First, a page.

Yesterday, the U.S. House of Representatives passed H.R.5332, Protecting Your Credit Score Act of 2019, which seeks to help consumers gain easier access to their credit information as well as establish new oversights over credit reporting agencies. The bill, introduced by Rep. Josh Gottheimer (D-NJ-5), would amend the Fair Credit Reporting Act and require the Consumer Financial Protection Bureau (CFPB) to take certain steps in regards to credit reporting agencies.
The summary of the bill provides that it would:
- Allow consumers to receive their credit score when they request a free annual credit report.
- Direct credit reporting agnecies to create a central online portal where consumers can dispute errors, place or lift security freezes, and access free credit reports and credit scores.
- Require the CFPB to establish a public registry of credit reporting agencies.
- Require credit reporting agencies to provide available information to consumers about the purpose behind a credit report pull.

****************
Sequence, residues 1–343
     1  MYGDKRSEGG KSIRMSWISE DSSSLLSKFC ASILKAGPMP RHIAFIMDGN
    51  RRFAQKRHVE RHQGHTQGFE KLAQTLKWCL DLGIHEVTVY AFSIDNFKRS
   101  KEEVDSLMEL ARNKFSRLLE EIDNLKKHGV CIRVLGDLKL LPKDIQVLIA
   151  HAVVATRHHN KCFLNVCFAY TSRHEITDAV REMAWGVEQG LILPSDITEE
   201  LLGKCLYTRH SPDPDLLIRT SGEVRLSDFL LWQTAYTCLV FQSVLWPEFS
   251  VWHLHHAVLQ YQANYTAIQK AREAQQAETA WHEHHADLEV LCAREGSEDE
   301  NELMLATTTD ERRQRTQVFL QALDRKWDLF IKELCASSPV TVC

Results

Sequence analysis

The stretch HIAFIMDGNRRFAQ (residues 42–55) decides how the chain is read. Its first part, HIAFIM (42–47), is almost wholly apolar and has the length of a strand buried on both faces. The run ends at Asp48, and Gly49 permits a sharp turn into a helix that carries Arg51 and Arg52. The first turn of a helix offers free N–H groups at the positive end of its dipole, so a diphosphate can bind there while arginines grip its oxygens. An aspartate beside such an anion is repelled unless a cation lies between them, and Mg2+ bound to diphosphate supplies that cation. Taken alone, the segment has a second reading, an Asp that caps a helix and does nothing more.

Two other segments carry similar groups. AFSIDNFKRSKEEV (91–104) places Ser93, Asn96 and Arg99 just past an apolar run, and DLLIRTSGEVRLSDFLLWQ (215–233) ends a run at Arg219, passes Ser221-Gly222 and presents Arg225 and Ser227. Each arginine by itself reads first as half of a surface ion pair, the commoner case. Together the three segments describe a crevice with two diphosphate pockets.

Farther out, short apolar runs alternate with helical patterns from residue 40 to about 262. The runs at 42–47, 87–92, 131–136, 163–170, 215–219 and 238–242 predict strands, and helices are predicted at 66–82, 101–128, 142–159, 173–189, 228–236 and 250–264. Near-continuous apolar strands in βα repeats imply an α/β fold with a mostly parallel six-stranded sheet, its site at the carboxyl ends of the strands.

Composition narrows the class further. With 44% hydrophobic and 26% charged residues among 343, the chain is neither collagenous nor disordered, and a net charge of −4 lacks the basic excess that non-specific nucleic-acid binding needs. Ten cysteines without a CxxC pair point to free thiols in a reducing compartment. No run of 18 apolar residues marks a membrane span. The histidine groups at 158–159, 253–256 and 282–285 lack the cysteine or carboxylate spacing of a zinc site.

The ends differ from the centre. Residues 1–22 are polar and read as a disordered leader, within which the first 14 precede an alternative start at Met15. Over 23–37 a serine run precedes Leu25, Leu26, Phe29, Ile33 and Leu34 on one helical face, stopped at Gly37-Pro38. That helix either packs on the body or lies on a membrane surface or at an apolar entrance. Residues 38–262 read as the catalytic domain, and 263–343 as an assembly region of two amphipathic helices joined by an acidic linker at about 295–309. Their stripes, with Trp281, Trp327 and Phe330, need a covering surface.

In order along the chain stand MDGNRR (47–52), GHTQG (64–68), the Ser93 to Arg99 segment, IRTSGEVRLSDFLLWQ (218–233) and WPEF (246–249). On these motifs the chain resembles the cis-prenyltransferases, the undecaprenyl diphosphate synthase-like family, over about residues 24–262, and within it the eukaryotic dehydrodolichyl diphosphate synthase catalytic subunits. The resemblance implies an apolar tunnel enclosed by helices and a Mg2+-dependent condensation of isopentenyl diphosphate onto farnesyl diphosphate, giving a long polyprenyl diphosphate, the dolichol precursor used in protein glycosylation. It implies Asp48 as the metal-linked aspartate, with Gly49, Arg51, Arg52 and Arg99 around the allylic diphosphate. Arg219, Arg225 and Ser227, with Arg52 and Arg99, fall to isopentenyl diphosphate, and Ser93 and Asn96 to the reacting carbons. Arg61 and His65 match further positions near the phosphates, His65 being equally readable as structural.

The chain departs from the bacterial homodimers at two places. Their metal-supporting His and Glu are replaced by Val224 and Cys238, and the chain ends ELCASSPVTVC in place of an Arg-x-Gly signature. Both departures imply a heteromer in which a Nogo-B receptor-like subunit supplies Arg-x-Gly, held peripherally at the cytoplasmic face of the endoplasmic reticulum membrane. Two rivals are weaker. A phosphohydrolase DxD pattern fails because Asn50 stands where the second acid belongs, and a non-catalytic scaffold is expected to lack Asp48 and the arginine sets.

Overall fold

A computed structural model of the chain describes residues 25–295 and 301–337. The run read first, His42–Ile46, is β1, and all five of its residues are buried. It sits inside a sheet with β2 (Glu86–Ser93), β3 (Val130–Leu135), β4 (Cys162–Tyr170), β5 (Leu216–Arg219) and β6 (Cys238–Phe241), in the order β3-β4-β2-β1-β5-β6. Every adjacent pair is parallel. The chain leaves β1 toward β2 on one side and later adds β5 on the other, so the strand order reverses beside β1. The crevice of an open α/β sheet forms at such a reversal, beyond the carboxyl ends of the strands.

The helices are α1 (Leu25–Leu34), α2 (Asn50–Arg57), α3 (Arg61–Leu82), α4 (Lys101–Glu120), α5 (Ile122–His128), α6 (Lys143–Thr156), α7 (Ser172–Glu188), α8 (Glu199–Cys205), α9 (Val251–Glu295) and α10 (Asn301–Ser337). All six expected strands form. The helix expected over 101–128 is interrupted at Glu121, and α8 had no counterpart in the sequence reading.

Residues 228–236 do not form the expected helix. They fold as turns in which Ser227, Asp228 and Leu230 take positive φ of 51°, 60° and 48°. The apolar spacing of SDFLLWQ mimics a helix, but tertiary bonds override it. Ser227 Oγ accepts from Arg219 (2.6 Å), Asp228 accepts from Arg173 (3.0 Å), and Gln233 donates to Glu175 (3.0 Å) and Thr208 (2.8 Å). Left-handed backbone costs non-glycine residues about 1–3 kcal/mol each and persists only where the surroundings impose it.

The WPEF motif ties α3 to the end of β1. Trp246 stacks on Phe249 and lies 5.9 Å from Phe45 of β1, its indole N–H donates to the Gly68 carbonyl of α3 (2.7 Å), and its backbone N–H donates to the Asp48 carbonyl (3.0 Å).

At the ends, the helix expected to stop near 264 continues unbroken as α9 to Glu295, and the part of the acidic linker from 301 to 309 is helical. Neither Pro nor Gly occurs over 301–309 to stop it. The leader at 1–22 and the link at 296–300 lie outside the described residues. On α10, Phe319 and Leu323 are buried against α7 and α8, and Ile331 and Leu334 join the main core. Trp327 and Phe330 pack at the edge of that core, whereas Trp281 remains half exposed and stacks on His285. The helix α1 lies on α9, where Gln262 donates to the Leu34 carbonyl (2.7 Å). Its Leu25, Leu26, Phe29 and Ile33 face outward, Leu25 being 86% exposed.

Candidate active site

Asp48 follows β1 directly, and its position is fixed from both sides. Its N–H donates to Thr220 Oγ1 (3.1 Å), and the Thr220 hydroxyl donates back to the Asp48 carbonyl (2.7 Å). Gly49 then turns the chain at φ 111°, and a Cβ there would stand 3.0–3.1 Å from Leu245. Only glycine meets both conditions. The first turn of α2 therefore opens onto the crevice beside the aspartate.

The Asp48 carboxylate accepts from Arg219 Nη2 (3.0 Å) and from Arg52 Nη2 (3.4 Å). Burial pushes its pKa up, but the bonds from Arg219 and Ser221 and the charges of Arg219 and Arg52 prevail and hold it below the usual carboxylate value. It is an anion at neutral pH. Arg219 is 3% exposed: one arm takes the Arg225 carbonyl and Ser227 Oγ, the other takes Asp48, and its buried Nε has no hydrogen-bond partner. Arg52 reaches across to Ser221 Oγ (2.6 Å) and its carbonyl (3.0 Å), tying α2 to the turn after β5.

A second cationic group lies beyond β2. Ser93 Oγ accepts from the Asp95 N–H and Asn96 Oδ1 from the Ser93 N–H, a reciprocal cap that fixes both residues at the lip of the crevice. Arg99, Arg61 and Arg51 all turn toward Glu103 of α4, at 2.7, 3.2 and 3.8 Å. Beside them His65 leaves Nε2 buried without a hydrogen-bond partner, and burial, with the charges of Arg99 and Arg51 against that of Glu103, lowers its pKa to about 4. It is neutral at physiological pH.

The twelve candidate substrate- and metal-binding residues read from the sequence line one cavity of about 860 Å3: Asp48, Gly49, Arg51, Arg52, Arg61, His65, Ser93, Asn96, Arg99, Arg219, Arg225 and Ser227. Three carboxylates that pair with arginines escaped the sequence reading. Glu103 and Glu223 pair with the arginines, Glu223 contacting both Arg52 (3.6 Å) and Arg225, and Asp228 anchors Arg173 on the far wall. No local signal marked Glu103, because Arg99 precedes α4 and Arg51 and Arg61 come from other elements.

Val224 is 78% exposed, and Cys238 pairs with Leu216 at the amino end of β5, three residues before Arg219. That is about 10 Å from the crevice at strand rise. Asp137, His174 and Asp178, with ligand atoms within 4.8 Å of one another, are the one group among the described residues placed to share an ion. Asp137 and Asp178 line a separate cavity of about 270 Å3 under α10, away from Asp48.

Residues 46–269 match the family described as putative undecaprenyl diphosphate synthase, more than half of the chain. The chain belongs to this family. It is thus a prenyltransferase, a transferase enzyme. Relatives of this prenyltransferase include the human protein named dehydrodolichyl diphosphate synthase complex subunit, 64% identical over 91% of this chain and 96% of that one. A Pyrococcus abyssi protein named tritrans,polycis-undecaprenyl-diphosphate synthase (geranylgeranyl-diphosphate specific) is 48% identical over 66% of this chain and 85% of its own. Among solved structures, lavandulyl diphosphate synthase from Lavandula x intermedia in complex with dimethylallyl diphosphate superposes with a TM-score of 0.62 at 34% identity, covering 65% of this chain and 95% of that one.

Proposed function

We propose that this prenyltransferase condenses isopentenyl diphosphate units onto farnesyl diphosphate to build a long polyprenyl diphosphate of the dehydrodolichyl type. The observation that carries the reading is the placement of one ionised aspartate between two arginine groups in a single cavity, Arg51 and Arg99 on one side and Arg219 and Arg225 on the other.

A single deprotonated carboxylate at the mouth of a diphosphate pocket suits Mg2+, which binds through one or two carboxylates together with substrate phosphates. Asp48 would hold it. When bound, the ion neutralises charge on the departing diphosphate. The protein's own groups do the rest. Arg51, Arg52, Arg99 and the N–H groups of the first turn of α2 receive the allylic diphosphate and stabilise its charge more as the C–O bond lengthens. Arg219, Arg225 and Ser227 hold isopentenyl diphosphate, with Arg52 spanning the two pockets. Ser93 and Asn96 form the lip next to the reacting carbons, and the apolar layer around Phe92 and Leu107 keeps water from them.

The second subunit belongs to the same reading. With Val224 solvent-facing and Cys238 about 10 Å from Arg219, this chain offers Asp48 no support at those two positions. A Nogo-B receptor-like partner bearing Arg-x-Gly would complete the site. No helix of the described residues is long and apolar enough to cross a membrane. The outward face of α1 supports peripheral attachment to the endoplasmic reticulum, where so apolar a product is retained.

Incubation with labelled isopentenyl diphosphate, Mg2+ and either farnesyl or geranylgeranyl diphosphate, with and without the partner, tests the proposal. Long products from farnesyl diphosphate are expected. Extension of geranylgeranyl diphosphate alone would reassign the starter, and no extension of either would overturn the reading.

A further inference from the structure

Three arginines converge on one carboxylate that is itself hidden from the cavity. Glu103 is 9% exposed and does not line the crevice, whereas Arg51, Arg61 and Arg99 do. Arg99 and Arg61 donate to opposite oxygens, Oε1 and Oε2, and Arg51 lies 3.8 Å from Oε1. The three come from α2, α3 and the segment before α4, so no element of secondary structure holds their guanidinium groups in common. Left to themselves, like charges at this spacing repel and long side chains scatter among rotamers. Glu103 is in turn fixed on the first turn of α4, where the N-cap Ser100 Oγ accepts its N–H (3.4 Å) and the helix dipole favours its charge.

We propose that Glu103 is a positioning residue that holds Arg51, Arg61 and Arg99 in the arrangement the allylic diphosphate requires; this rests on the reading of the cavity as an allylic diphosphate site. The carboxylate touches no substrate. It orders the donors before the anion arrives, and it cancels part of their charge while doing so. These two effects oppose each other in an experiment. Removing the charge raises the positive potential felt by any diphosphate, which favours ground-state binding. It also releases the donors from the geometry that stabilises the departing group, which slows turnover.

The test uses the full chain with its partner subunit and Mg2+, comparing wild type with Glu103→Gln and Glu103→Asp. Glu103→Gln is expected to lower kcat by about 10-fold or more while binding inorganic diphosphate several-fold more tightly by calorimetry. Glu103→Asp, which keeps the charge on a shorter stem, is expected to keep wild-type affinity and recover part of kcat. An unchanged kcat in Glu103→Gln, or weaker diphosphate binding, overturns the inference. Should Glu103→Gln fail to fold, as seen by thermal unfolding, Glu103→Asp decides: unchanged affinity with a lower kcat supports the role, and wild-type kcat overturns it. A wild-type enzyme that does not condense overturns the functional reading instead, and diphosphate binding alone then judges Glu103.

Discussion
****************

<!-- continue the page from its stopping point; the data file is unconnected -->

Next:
- Grant the CFPB statutory authority to supervise credit reporting agencies, establish a credt reporting ombudsman within the CFPB, and establish data security requirements for credit reporting agencies.
- Require the Government Accountability Office to conduct a report on the feasibility of credit reporting agencies replacing Social Security numbers with another type of federal identification.
- Allow courts to award injuctive relief so that they can compel credit reporting agencies to comply with credit report protections.
The bill is now off to the Senate.
It's interesting that we now have a piece of legislation that seeks to establish a registry of credit reporting agencies, as a similar avenue might also be a helpful avenue for debt collection agencies and firms.
In debt collection, one concern that pops up is how to handle fraudsters and scammers, who harm both consumers and legitimate debt collectors that try to be in compliance with laws and regulations. Unforutnately, the scorpion dance of authenticating a consumer on a phone call—which is required by laws and regulations governing prohibitions of third-party disclosure—makes it difficult for consumers to distinguish between legitimate debt collectors and fraudsters.
A CFPB registry of legitimate debt collectors could solve this problem. Consumers who are uncertain if the company on the phone is a legitimate collector can quickly check the registry to see if the agency is listed for their peace of mind.
This idea has been floating around for a while, and now is as good a time as any to revisit it.